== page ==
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Publication numberUS6548799 B1
Publication typeGrant
Application numberUS 09/670,991
Publication dateApr 15, 2003
Filing dateSep 26, 2000
Priority dateMay 16, 2000
Fee statusLapsed
Also published asCN1178451C, CN1324177A
Publication number09670991, 670991, US 6548799 B1, US 6548799B1, US-B1-6548799, US6548799 B1, US6548799B1
InventorsToshio Matsumoto
Original AssigneeMitsubishi Denki Kabushiki Kaisha
Export CitationBiBTeX, EndNote, RefMan
External Links: USPTO, USPTO Assignment, Espacenet
Contact-type image sensor having protrusions formed on a plate
US 6548799 B1
Abstract
In a contact-type image sensor according to the present invention, a protrusion is formed in a transparent plate, a recess is formed in a sensor frame, and the transparent plate is engaged with the sensor frame so that the heights of surfaces of the transparent plate and the sensor frame on sides of conveying a manuscript are substantially the same. In conventional techniques, it was necessary to bend a manuscript conveying path because of different heights of a protrusion of the frame and the transparent plate. Further, even though the heights of the sensor frame and the transparent plate are the same, a contact portion therebetween forms an angle, whereby a contact surface is not brought into close contact alone an entire length of an image sensor, and gaps are partially formed in the contact surface. Therefore, at time of cleaning a surface of the transparent plate using a solvent such as alcohol to remove dirt on the transparent plate, the solvent and extraneous matters intrude inside the image sensor from the gaps, a passage of light is obstructed, and therefore light-and-shadow information of an image of the manuscript was not correctly transmitted to sensor.
Images(5)
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Claims(4)
What is claimed is:
1. A contact-type image sensor comprising:
a removably mounted plate positioned in a manuscript guiding path, the plate having at least a transparent portion;
a light source illuminating a manuscript through the transparent portion of the plate;
a frame holding the plate; and
a lens receiving a light reflected by the manuscript and forming an image in a sensor,
wherein a recess formed in the frame is engaged with a stepped-shaped protrusion formed in the plate such that the recess completely surrounds the stepped-shaped protrusion to securely engage the removably mounted plate, and
wherein heights of surfaces of the frame and the plate on sides of the manuscript guiding path are substantially the same.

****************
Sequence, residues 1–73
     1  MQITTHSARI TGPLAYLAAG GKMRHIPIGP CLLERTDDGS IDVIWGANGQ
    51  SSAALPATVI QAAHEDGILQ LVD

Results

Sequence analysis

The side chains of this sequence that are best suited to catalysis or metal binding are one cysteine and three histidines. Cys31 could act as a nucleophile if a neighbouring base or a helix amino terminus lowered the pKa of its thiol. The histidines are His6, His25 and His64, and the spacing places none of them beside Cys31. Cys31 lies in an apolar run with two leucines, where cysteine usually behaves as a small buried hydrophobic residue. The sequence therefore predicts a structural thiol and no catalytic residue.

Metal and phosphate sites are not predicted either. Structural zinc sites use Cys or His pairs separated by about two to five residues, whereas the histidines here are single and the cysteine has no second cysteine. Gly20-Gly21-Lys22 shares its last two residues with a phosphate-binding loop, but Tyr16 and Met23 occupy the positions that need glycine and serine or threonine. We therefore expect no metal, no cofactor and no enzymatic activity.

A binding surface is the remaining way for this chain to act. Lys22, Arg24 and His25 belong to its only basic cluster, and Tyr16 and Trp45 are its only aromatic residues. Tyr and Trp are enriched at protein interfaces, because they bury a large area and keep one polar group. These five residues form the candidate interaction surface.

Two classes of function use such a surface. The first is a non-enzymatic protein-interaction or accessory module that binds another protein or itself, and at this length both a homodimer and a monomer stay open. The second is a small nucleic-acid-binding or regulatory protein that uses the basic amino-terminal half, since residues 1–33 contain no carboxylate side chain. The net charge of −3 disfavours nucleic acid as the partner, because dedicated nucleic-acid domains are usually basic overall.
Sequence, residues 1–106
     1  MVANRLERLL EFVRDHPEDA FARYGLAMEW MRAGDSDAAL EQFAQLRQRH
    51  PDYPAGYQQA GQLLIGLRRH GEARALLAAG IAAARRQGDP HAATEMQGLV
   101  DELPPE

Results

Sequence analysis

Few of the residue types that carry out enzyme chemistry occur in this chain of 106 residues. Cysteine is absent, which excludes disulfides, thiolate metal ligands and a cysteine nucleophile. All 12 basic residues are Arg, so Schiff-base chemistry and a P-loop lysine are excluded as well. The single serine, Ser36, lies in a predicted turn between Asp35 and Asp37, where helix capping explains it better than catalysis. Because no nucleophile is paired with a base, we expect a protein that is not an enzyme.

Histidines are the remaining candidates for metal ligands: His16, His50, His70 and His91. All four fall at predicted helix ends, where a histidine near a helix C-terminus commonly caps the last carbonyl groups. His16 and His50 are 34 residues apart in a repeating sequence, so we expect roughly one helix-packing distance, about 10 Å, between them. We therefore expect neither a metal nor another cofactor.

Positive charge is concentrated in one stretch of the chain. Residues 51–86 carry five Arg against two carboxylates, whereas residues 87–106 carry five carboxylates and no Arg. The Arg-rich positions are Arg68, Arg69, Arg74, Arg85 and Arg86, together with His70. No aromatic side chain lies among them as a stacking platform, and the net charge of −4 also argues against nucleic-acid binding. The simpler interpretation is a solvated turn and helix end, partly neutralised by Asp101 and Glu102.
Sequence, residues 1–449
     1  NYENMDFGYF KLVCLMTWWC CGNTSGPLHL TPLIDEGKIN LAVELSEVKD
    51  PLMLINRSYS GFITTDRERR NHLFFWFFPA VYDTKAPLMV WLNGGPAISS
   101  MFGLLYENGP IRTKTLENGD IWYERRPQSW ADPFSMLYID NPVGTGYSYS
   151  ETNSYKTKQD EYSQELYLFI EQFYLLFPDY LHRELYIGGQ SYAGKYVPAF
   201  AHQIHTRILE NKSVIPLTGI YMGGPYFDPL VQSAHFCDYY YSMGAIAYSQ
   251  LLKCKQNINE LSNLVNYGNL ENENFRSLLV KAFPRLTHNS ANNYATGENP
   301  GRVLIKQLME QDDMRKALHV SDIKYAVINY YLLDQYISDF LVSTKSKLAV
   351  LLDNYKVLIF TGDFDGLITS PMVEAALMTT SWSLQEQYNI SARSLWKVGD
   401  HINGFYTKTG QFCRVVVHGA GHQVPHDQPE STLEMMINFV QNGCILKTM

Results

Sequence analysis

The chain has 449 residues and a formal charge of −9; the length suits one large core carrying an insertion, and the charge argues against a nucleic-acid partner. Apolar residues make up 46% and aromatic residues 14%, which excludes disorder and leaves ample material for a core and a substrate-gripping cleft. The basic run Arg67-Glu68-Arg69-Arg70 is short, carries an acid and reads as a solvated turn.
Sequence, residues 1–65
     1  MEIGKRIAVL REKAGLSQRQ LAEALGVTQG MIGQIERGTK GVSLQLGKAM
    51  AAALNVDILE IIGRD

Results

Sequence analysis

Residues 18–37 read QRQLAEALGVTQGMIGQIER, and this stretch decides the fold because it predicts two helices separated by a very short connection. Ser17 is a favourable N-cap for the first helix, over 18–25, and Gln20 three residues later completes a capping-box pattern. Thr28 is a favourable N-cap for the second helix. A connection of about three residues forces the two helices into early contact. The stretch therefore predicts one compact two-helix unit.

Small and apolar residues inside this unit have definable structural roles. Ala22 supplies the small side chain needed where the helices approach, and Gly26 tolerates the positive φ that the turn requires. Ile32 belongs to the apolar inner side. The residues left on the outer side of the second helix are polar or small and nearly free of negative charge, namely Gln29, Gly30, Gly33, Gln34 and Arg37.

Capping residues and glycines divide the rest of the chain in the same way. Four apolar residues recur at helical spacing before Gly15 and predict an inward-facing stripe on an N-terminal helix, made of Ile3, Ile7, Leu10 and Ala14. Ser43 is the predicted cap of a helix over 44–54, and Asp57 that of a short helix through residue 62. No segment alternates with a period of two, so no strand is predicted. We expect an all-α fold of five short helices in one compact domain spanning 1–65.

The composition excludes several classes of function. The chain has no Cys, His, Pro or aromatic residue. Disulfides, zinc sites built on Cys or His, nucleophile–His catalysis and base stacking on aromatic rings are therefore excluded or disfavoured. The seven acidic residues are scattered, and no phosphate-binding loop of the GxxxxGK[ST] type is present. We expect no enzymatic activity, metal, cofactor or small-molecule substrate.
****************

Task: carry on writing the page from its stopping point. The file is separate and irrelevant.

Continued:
2. The contact-type image sensor according to claim 1, wherein
the protrusion of the plate is formed such that at least two plates or more are attached to both ends of the plate, positioned on a manuscript guiding surface, so as to protrude from the both ends.
3. The contact-type image sensor according to claim 1, wherein
the protrusion of the plate is formed such that two plates having different widths are overlapped and attached to the plate so that steps engaging with the recess are formed on both sides of the plate.
4. A contact-type image sensor comprising:
a removably mounted plate positioned in a manuscript guiding path, the plate having at least a transparent portion;
a light source illuminating the manuscript through the transparent portion of the plate;
a frame holding the plate; and
a lens receiving a light reflected by the manuscript to form an image in a sensor,
wherein a recess formed in the frame and a stepped-shaped protrusion formed in the plate are engaged such that the recess completely surrounds the stepped-shaped protrusion to securely engage the removably mounted plate, and
wherein a surface of the frame on a side of inserting the manuscript is higher than the plate, and a surface of the frame on a side of ejecting the manuscript is lower than the plate.
Description
BACKGROUND OF THE INVENTION

1. Field of the Invention

The present invention relates to a contact-type image sensor used for an image input section of a facsimile machine and so on.

2. Discussion of Background

FIG. 6 is a cross-sectional view of a conventional image sensor disclosed in Japanese Unexamined Patent Publication JP-A-6-18814. In FIG. 6, numerical reference 10 a designates a manuscript guiding path; numerical reference 20 designates a linear light source, in which LED chips are linearly arranged; numerical reference 30 designates an erect 1 magnification-image-forming rod lens array including a plurality of rod lenses (not shown); numerical reference 40 designates a sensor board; numerical reference 50 designates a sensor ICs, which are linearly arranged on the sensor board 40; numerical reference 60 a designates a transparent plate positioned on a manuscript guiding surface; numerical reference 70 designates a frame; and numerical reference 70 a designates a protrusion being a part of the frame 70 and fixing the transparent plate 60 a to the frame. Numerical reference 80 designates a path of a light emitted from the linear light source 20, which light forms an image in the sensor ICs 50; and numerical reference 90 designates a roller conveying a manuscript.